Paperback ☆ أولاد حارتنا Epub ✓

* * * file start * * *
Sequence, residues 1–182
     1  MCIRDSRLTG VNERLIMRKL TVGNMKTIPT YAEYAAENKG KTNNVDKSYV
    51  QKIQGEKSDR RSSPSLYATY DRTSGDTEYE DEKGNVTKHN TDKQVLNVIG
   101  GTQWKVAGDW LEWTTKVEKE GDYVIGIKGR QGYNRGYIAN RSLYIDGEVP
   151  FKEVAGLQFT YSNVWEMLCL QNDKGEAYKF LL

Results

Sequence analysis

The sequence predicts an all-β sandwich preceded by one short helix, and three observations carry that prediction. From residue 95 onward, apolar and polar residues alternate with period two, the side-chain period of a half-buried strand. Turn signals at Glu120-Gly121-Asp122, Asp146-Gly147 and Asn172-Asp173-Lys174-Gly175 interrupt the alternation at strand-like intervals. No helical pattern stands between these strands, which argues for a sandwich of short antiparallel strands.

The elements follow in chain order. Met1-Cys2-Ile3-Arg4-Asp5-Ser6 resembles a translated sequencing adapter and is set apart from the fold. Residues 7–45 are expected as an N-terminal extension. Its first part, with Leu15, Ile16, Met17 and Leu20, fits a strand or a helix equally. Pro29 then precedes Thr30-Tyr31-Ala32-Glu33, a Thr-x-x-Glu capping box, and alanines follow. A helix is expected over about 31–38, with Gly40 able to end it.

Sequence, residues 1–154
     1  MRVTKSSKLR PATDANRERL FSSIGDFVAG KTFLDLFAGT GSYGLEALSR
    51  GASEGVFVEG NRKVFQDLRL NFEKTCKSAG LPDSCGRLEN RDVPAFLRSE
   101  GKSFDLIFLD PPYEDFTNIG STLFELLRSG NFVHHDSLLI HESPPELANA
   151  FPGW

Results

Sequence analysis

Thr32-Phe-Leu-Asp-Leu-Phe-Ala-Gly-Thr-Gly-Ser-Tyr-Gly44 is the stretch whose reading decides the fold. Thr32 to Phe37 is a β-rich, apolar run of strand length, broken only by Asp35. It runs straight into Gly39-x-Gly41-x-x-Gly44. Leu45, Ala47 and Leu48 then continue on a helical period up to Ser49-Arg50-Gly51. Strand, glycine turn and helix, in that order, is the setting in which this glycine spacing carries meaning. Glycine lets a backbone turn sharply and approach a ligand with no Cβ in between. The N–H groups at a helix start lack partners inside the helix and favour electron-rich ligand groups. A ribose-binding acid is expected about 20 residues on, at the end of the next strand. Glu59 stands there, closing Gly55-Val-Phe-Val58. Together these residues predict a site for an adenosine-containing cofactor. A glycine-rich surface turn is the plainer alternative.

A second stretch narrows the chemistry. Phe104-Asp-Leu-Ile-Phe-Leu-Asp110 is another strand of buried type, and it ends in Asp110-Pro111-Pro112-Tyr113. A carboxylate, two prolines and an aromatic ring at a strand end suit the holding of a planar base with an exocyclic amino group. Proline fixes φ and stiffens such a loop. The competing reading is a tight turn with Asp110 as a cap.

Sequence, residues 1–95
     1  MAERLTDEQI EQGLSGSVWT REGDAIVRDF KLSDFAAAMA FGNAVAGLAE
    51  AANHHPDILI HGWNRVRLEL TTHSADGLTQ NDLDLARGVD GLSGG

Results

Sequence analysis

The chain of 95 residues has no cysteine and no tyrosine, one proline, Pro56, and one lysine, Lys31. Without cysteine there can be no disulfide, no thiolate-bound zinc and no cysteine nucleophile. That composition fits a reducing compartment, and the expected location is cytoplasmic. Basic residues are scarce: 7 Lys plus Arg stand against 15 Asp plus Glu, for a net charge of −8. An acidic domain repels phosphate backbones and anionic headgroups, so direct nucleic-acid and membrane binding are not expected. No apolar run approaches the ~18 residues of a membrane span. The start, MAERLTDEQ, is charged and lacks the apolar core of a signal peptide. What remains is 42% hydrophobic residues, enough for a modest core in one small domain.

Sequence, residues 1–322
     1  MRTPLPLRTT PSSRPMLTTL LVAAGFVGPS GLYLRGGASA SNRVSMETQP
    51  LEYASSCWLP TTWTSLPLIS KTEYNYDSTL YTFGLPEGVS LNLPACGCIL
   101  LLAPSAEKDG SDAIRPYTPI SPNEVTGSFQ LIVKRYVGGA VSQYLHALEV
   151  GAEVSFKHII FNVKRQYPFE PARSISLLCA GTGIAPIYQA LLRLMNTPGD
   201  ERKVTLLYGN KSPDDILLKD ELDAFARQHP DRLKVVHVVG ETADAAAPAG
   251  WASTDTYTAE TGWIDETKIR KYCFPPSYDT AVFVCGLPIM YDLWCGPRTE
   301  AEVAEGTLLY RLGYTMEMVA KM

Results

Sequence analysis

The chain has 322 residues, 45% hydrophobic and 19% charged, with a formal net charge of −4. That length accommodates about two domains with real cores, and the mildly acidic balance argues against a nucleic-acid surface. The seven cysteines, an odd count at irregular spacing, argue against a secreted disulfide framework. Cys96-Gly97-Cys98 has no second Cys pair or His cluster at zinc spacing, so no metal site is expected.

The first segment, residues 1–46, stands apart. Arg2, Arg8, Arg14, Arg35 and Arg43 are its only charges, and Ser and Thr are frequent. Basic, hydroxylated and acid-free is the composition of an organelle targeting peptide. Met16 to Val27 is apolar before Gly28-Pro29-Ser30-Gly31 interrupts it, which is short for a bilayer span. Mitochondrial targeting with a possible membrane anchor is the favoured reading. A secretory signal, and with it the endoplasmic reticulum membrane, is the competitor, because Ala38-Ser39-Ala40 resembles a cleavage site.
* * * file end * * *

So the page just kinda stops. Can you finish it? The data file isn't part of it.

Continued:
أولاد حارتنا روايةيجلس الجبلاوي في بيته الكبير المحاط بالحدائق واﻷسوار العالية ومن حوله أحفاده الذين يتنازعون للحصول على وقفه، ويقوم الفتوات بابعاد هؤلاء عن جنته اﻷرضية، حيث استقرت ذريته خارج أسوار البيت الكبير، وبالرغم من فقرهم الا انهم لم يكفو عن الدعاء بأن ينزل الجبلاوي اليهم ويترك عزلته ويوزع تركته ويخلصهم من بطش الفتوات فيسود الخير على الجميع، ويظهر في كل جيل هذا المخلص والذي يتعلق به الناس وينتفضو معه ضد الفتوات، ولكن الجشع والجهل يرجعهم في اخر المطاف الى ما كانت عليه الاوضاع ويبقى الفقر والمعاناة مصيرهم الذي لا مفر منهيصف محفوظ في هذه الرواية الرائعة القهر وشوق الناس إلى الخلاص من أنفسهم، وكيف ان المبادئ يمكن أن تتغير بتأرجح النفوس البشرية، وكيف ان الاعمال الخيرة تقع تحت يد الفساد والمفسدينتعد هذه الرواية من أشهر روايات اﻷديب الراحل وأكثرها إشكالية وقد نوهت اﻷكاديمية السويدية بها عندما منحت نجيب محفوظ جائزة نوبل للآداب A masterpiece One of the best books I read in my life I think every Arab should read it. أولاد حارتنا = Children of Our Alley = Children of Gebelawi, Naguib MahfouzChildren of the Alley, is a novel by the Egyptian writer and Nobel laureate Naguib Mahfouz It is also known by its Egyptian dialectal transliteration, Awlad Haretna, formal Arabic transliteration, Awlaadu Haaratena and by the alternative translated transliteral Arabic title of Children of Our Alley.The story recreates the interlinked history of the three monotheistic Abrahamic religions (Judaism, Christianity, and Islam), allegorised against the setting of an imaginary 19th century Cairene alley.تاریخ نخستین خوانش: روز شانزدهم ماه آگوست سال 2006 میلادیعنوان: حکایتهای (بچه های) محله ما؛ نوشته: نجیب محفوظ؛ مترجم: حیدر شجاعی؛ مشخصات نشر تهران، دادار، 1385، در 248 ص؛ شابک 9648097615؛ موضوع: داستانهای نویسندگان عرب مصر سده 20 محکایتهای (بچه‌ های) محله ما، یا پسران جبلاوی (به عربی: اولاد حارتنا)، داستان بلندی از نجیب محفوظ است، که نخستین بار در سال 1919 میلادی در لبنان و در سال 1959 میلادی، در روزنامه الأهرام منتشر می‌شد.؛ ا شربیانی Oh, the banality of human beliefs! Some years back, when I introduced Mahfouz to my eager son, who quickly made him one of his favourite authors, I told him that this parable on the development of human beliefs, societies and rituals is a quite simple, yet true tale After he had read it, he agreed, and claimed other works by this versatile author his preferred reading.Thinking back though, I am convinced that it is precisely the banality of the cyclical need for revolution, followed by the institution of new authorities and then a slow development of authoritarian attitudes in the new leadership that makes it a timeless reading experience There are no complicated theological or sociological mysteries to be found anywhere simply because we are quite simpleminded as a species We want to worship, and we want to enrich ourselves, we want to be feeling superior and we want to dictate our worldview to others We want to be famous and revered and to leave a legacy We want to get rid of rivals and overthrow whatever order is against our personal prosperity and success That's all there is to religion or ideology The house of the king is empty, no matter what we choose to call him and how we choose to show our respect and allegiance.The power lies in the elusive character of the leader The less he (for it is a patriarch to be sure!) is defined, thefollowers can identify with him Beware of intellectually challenging statements, if you want to rule the world Sadly, I think I have grown to believe this simple tale out of experience, as my intellectual idealism of earlier years turned out to be a quite naive illusion We are not capable of anythingdemanding than Mahfouz' parable And we are willing to kill and steal and lie to protect our own specific brand of banality.So I am giving it five stars for seeing where we have always been heading: from one silly delusion to the next! Our plague is forgetfulness.To think that an attempt was made on Naguib Mahfouz's life for writing this book is beyond ridiculous It shows that those who want to shut up books aren't really bothered with actual offensive material but react to perceptions of insult to their ideology in a world in which they are becoming increasingly outdated and irrelevant, hence all this mindless sensitiveness.As to the novel itself, I had a hard time with its twodimensional characterisations and insufficient conflict We have a brutal world headed by Gebelaawi, the timeless archancestor of the human settlement who fathered and brought into world various tribes, and who lives in seclusion in the grand house shielded by everyone and everything, ruling his estate the world in absentia God in other words, or the Abrahamic idea of it The story revolves around the struggle between his succeeding generations modeled on various BiblioQuranic figures such as Abel and Cain, Moses, Jesus, Muhammad, who were chosen to be sent to their tribes when the human condition became intolerably dark Mahfouz leaves us in ambiguity as to whether the prophets were actually chosen by Gebelaawi or whether they came to believe in their station by some extraordinary natural agency that set them apart from the sheeple.The same story repeats itself like a broken record Every reform movement descends into the chaos as soon as the leader of the tribe turns his back on the temporary abode that is the world It is as though Mahfouz is saying that nothing ever changes; things do not get better for ever; evil overpowers good at the first opportunity One prophet comes, fixes things, gives people a simulacrum of justice and happiness, only for them to go back to fighting, killing, pillaging, and the oppression and injustice that comes with the abuse of power Might the implied failure of various leaders have caused offence to the deranged extremists living in a perfect golden age of their imagination? Who knows eh.I mentioned its lack of subtlety above, but I'm tempted to see the narrative voice as imitating the Quranic storytelling told in dry, exhortative, repetitive, fearinducing tones for maximum effect The good and evil are portrayed in absolute terms even though the prophets are brought down from their infallible station in myth to the level of humanity with their personal flaws We do have room to see it as ironical This is a promising idea for a story superimposed on the historicomythical children of Abraham, only if Mahfouz had handled it withtact But there's no mistaking what he's getting at: I myself have seen this wretched state of affairs in our own day a faithful reflection of what people tell us about the past As for the bards, they tell only of the heroic times, avoiding anything that could offend the powerful, singing praisesand celebrating a justice we never enjoy, a mercy we never find, a nobility we never meet with, a restraint we never see and a fairness we never hear of February '16